Poetry inspired by Joni Mitchell from Diane Elayne Dees

For Joni

The canyons echo the coyote's mournful cry
of loneliness, for which there are no words,
yet suddenly, like graceful home-bound birds,
the words appear as written on the sky.
The painted ponies dip, then leap so high,
they startle us. In silver-bridled herds,
they bear us through the grand and the absurd;
at journey's end, we still do not know why.
And yet the music calls us to go on,
amid an often misty atmosphere
that tends to blur the darkness and the light.                                     
The melodies remain after we've gone,
as glorious reminders we were here,
though we are stardust scattered in the night.

Originally published in the anthology, Poeming Pigeon: Poems About Music 

BIO:

Diane Elayne Dees is the author of the poetry chapbooks, Coronary Truth (Kelsay Books) The Last Time I Saw You (Finishing Line Press), and The Wild Parrots of Marigny (Querencia Press). Diane, who lives in Covington, Louisiana, also publishes Women Who Serve, a blog that delivers news and commentary on women’s professional tennis throughout the world. Her author blog is Diane Elayne Dees: Poet and Writer-at-Large.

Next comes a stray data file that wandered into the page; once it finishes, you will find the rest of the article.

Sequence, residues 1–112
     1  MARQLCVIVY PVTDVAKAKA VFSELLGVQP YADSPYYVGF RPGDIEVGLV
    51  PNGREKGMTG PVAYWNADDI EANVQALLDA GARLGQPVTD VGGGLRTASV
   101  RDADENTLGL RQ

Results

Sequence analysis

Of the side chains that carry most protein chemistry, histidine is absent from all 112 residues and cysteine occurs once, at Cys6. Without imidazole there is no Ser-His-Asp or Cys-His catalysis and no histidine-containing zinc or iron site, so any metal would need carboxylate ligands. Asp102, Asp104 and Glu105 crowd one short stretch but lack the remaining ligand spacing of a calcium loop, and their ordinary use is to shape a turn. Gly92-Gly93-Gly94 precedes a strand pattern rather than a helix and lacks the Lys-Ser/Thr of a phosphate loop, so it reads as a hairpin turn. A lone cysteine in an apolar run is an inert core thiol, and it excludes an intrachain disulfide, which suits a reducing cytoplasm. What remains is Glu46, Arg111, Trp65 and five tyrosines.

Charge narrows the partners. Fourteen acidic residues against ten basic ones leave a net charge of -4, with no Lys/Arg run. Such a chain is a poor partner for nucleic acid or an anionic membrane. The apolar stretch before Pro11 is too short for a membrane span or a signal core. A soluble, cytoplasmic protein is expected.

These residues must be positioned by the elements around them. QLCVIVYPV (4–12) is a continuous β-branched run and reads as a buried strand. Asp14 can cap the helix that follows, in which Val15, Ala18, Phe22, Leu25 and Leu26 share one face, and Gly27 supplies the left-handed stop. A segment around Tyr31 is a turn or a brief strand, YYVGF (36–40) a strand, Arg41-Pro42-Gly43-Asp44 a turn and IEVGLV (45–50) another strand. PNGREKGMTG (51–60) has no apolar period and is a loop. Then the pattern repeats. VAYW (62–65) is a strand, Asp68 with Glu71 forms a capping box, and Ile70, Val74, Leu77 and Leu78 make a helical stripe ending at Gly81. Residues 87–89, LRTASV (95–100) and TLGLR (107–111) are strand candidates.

Women Who Serve

DIANE ELAYNE DEES: POET AND WRITER-AT-LARGE

Poetry from Doryn Herbst “Huskies”

Huskies

Double fur to pull them through
a snow desert. That snow in their eyes,
pools of moonstone and gold
arrowed against the cold.

Muscled team-players, a playful team,
best of friends, your best friend.
Six Siberians howling.

These loyal workers know how to pull.
They gather speed over drifts packing